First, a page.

Paul on Sin

Let's pivot now to Paul. What is Paul's teaching about sin? Sin is a very prominent theme in his writings. We'll consider his important statements chronologicially.

Galatians 3:22; Romans 3:23

Our first stop is Galatians 3:22. "The Scripture has shut up everyone under sin, so that the promise by faith in Jesus Christ might be given to those who believe." This statement comes in the midst of a discussion comparing trying to be saved by obedience with being saved on the basis of God's promised gift of faith in Jesus.

Jesus dies for us. He took the curse our choices to disobey had attached to us, and in place of the curse, He identifies us as children of Abraham by faith. That is, sin is a human universal. In Romans 3:23 Paul will also teach that all have sinned and placed themselves in a situation of irrecoverable deficit toward God. To choose to sin places oneself in a hole with no bottom and no ladder out. To sin is to dig a deep, hopeless hole and fling ourselves in.

Without Jesus we are hopeless; in particular we are hopeless because of sin. All choose rebellion and no, Jews don't dig smaller holes. All are shut up under sin because all choose to indulge self.

2 Corinthians 5:21

Second Corinthians 5:21 says, "He [God the Father] made Him who knew no sin [Jesus] to be sin on our behalf, so that we might become the righteousness of God in Him [Jesus]."

Jesus takes our sin, our actual sin, and is actually punished for our actual sins. That is, I intentionally, with eyes open, chose rebellion. But by God's mercy I at a later time accept His gift of repentance and His promise of transformation. Jesus who is transforming me steps up and receives the punishment due me. He also gifts to me His perfect life. This is no trick or fiction. When He forgives He speaks and when He speaks, creative power is released into my life. His creative power makes the forgiven one actually righteous.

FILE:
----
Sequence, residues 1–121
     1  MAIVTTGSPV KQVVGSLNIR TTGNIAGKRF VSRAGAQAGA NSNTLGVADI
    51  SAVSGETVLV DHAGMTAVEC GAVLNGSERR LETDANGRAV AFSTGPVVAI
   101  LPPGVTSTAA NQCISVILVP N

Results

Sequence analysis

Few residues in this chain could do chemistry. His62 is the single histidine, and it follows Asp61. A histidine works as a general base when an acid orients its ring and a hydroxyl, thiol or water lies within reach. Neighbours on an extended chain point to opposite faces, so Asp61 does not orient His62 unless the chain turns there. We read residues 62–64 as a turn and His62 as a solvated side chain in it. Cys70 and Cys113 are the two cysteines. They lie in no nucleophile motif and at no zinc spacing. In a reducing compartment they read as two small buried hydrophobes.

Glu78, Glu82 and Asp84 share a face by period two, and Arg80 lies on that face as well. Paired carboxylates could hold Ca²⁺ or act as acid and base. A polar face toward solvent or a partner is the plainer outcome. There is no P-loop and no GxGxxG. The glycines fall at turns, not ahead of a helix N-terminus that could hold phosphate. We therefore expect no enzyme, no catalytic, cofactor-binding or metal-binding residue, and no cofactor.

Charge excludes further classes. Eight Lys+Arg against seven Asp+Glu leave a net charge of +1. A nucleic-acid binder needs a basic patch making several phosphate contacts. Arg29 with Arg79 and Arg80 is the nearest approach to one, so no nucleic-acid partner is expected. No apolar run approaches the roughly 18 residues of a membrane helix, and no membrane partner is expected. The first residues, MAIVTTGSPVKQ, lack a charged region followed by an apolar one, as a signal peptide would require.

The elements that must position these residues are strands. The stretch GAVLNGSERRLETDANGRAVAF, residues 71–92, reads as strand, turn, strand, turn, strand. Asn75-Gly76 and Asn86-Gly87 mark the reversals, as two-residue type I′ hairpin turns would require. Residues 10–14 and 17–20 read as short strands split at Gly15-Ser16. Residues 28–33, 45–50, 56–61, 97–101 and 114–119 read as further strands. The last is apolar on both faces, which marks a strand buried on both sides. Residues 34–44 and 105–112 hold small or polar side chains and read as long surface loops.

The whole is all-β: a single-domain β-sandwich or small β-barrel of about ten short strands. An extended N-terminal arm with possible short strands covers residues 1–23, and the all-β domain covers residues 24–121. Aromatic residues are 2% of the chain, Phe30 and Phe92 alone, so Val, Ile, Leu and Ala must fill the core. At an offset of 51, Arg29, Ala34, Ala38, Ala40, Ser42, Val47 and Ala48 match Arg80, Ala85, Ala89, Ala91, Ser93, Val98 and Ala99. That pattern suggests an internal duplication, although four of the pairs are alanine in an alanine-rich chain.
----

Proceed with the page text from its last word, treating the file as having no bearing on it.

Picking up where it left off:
Sin in Romans

In Romans, Paul works extensively with the question of sin. In the last half of chapter one, Gentiles are condemned for intentionally suppressing God's truth. In the first half of two, the Jews are condemned for hypocracy. In the first 20 verses of chapter three, Paul says all are under the condemnation of sin. And so before Romans 3:9 he's already argued that all have sinned. But he wants to say even more, so he continues in 10-18 adding a half-dozen quotations (Psalm 14:1-3; 53:1-3; 5:9; 140:3; 10:7; 36:1; Isaiah 59:7f), none of which make sin a birth state, and all of which refer not only to wicked people but also to righteous people somewhere else nearby in the text, usually in contrast to the wicked.

Humans turn aside, we become corrupt, we are born with weaknesses and tendencies to evil. We are birthed ready, as soon as morally accountable, to choose to indulge self, all aware we are acting in violent rejection of God's ways. We come into being strongly equipped to rebel, and, in due course, we intentionally do. We choose to sin, we become sinners.